SAN FRANCISCO (AP) -- Netflix Inc.'s fourth-quarter report is expected to show the video subscription service ended 2012 the way it started it — with a loss caused by rising costs for Internet licensing fees and an expansion into other countries beyond the U.S.
WHAT TO WATCH FOR: Investors will be focusing on the magnitude of the loss and Netflix's subscriber growth when the numbers come out after the stock market closes Wednesday.
If the fourth-quarter setback works out to 17 cents or more, it will saddle Netflix with its first annual loss in a decade. Analysts don't think the company lost quite that much. In October, though, Netflix management released a forecast warning the company could lose as much as 23 cents per share during the final three months of the year — or squeak out small profit.
The number of subscribers that Netflix added during three-month stretch that includes the holiday season is likely to be much more important to Wall Street, particularly after the company had more difficulty attracting more customers last summer.
The third-quarter slowdown prompted Netflix to back off an earlier pledge to add 7 million subscribers to its Internet video service during 2012. In its revised forecast, Netflix predicted the U.S. video streaming service would end the year with 27.1 million subscribers at most — a gain of about 5.4 million customers from the beginning of the year.
If that scenario plays out, Netflix will have added 2 million U.S. Internet video subscribers in the fourth quarter. That would mark Netflix's biggest quarterly subscriber gain of the year.
Netflix, which is based in Los Gatos, Calif., hoped to attract another 900,000 to 1.6 million customers outside the U.S. to tis Internet streaming service during the fourth quarter. That would leave Netflix with 5.2 million to 5.9 million international subscribers.
The company had been preparing for a loss of 450,000 to 750,000 subscribers to its DVD-by-mail service, which is slowly fading away as more households switch to watching video over high-speed Internet connections.
The quarterly conference call with analysts also will give Netflix CEO Reed Hastings a chance to discuss a recent spate of licensing deals that will expand the company's Internet video library. In the biggest coup, Netflix last month announced its Internet video service won the rights to show movies from The Walt Disney Co. shortly after their theatrical release beginning in 2016.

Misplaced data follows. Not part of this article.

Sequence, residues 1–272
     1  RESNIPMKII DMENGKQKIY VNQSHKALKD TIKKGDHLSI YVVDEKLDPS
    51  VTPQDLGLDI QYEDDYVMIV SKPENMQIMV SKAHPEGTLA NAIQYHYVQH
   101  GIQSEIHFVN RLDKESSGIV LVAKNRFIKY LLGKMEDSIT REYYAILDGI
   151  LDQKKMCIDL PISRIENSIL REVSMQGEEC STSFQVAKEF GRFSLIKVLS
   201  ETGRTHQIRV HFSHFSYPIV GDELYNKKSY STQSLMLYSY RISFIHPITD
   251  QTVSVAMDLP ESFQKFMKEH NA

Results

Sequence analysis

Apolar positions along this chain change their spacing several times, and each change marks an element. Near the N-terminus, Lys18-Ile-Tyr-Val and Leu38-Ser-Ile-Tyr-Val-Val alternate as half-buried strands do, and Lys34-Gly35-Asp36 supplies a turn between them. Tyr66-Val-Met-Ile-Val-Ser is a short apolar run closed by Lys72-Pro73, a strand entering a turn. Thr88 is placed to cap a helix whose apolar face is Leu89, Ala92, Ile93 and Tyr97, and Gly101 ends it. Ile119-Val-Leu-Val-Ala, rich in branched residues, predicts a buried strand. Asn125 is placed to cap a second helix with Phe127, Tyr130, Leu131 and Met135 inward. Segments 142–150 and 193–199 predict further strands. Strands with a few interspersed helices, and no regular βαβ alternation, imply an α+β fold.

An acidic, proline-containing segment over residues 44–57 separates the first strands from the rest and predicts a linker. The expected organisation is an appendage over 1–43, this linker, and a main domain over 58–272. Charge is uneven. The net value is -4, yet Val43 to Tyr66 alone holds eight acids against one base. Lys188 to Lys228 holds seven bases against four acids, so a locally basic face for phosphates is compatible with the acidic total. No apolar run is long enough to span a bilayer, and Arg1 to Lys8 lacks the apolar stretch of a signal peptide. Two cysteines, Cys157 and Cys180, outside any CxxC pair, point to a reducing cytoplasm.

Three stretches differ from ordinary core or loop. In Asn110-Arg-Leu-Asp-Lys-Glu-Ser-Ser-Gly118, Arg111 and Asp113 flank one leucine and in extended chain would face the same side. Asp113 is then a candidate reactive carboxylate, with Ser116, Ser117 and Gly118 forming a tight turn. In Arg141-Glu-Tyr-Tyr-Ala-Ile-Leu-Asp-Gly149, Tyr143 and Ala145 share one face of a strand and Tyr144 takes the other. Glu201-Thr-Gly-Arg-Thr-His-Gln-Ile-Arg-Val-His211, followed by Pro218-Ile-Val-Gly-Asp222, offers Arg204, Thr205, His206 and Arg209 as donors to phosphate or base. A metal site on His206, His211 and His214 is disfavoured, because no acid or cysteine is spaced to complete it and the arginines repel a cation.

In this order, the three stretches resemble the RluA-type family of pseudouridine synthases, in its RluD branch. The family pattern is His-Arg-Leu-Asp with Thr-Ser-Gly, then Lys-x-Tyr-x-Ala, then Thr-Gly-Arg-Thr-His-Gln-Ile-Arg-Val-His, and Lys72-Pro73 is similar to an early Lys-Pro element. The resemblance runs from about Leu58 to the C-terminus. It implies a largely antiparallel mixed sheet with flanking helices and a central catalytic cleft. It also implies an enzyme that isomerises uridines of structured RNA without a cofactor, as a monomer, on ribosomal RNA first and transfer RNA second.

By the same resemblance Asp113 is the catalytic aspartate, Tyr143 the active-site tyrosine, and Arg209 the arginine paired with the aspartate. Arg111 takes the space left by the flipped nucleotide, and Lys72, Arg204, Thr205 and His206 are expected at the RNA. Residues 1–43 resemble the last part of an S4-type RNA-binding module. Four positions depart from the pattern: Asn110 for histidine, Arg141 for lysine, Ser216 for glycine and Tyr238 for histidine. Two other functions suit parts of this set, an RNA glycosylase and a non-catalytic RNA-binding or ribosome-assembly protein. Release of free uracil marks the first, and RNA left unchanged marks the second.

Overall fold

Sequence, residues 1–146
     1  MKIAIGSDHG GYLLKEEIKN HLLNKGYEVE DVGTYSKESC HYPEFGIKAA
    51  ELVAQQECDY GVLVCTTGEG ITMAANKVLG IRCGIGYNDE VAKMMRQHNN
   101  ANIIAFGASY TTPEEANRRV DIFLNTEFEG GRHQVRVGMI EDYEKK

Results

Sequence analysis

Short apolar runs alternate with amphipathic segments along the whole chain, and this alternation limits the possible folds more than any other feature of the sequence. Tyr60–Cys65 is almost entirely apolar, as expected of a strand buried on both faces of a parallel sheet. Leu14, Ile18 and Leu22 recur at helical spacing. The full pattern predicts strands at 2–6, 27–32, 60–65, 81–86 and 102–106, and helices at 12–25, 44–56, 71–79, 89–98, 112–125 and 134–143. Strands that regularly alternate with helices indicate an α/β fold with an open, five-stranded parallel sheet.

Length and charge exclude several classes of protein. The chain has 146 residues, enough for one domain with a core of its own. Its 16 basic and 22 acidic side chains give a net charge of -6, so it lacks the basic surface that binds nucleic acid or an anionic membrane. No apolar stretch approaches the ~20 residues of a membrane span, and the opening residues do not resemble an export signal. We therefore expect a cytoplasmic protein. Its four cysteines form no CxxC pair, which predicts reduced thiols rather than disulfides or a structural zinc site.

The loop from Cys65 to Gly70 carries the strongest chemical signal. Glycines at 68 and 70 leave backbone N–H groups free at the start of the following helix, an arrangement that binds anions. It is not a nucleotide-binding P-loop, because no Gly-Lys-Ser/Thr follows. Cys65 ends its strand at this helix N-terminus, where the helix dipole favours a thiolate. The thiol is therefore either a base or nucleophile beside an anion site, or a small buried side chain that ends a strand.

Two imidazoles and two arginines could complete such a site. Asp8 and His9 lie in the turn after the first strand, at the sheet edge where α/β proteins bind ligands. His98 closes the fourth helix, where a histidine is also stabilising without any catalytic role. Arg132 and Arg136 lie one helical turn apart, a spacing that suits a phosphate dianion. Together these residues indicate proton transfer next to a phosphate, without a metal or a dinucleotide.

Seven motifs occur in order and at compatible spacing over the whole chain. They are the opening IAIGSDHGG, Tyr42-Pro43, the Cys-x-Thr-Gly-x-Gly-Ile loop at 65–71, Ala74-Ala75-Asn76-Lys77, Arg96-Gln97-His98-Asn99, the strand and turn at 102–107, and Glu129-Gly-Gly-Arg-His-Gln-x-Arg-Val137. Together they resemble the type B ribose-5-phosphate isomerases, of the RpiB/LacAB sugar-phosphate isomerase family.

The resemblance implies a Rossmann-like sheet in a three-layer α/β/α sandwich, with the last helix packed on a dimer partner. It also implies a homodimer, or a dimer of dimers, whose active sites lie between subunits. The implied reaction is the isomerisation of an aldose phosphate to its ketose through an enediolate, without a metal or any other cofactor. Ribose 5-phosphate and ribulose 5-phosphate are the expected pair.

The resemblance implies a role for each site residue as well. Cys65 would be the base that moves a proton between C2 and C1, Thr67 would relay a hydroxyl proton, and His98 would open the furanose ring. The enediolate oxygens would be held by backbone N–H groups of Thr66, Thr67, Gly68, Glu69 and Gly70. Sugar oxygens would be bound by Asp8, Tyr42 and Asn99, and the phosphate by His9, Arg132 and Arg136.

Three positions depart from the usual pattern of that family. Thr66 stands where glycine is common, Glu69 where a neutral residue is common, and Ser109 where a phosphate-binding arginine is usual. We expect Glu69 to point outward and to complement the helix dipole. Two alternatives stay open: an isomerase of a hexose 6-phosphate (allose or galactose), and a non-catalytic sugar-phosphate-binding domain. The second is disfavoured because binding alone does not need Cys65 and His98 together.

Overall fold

While most investors reacted enthusiastically to the licensing deals, some analysts are worried about Netflix ability to foot the bill without raising its prices. Taking that step might trigger another customer backlash like the one that occurred in 2011 when Netflix started charging separately for Internet streaming and DVDs — a switch that raised rates by as much as 60 percent for some U.S. subscribers. The mass customer defections after the 2011 price increase caused Netflix's stock to plummet.
Netflix has insisted it has no current plans to raise the rates for its Internet video service, which costs $8 per month in the U.S.
Entering the fourth quarter, Netflix owed $5 billion in Internet video licensing fees during the next five years, including $4.5 billion due before the end of 2015. Those figures are likely to be updated with the release of the fourth-quarter results.
WHY IT MATTERS: Despite its ups and downs, Netflix remains a home-entertainment trendsetter that has made it easier for people to forego cable service to save money. The company is also still trying to rebound from the steep downturn from its stock prices. After peaking at nearly $305 in July 2011, Netflix stock fell to as low as $52.81 last summer. The shares recently have been hovering around $100.
WHAT'S EXPECTED: Analysts polled by FactSet expect Netflix to lose 12 cents per share on revenue of $935 million.
LAST YEAR'S QUARTER: Netflix earned $35.2 million, or 64 cents per share, on revenue of $875.6 million in the last three months of 2011.
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